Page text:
Fort Wek aan’t Spoel in Holland used to protect the municipality of Culemborg from military advances back in 1794, but has since become a disused blip of historic landscape architecture. The fort functioned in a unique way, rather than high walls keeping the enemy out, the landscape was intentionally flooded to divert invaders. Rietveld Landscape and Atelier de Lyon have seen the potential in the sculpted landscape, and have created a design that transforms the disused land into a public park setting.
Rietveld Landscape and Atelier de Lyon see the new space as an outdoor park lounge, attracting locals from Culemborg for days of relaxation in the sun. The existing landscape is built up into a series of grooves and elevations, with thick grass growing over it, surrounded by the inundation locks that would be opened to flood out unwanted guests. Much like a land art sculpture, the functional hills gradate into a basin, where a grass meadow sits. The natural hills and elevations from the original fort’s function could be used as comfortable inclines for sun bathing and picnicking. The design team also envisions bike paths around the perimeter of some of the gradations.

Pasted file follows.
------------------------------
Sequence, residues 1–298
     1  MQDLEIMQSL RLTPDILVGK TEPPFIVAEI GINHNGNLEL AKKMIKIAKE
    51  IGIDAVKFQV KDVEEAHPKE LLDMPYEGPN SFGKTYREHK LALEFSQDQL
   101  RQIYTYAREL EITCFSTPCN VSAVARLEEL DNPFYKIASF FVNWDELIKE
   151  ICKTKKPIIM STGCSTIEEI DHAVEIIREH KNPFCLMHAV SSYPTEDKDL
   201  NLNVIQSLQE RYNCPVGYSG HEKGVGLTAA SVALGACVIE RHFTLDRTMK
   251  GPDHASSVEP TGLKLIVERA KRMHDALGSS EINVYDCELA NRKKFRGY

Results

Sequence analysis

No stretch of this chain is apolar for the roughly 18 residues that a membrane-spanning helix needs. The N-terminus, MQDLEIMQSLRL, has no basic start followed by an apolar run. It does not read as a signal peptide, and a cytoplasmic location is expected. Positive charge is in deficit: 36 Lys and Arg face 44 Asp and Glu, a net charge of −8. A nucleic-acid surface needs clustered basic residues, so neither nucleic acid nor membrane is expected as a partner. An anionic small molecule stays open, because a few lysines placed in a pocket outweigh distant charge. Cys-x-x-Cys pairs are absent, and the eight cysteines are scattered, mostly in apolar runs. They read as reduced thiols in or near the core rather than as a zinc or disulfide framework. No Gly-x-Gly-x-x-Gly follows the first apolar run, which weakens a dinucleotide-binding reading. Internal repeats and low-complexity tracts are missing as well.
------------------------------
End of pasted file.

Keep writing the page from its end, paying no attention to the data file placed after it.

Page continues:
A new fort house is planned to be built, to join the existing bunkers, bombproof buildings and amphitheatre. Stair steps would be added to each hill, making ascending and descending into the basin meadow easily navigable. The inundation locks would become a waterscape for park visitors to sit by, and watch the wildlife that has settled within.
With these simple alterations, the Fort Wek aan’t Spoel will be transformed from disused historic site, to a modern attraction which will help define the New Dutch Waterline.
Via Arch Daily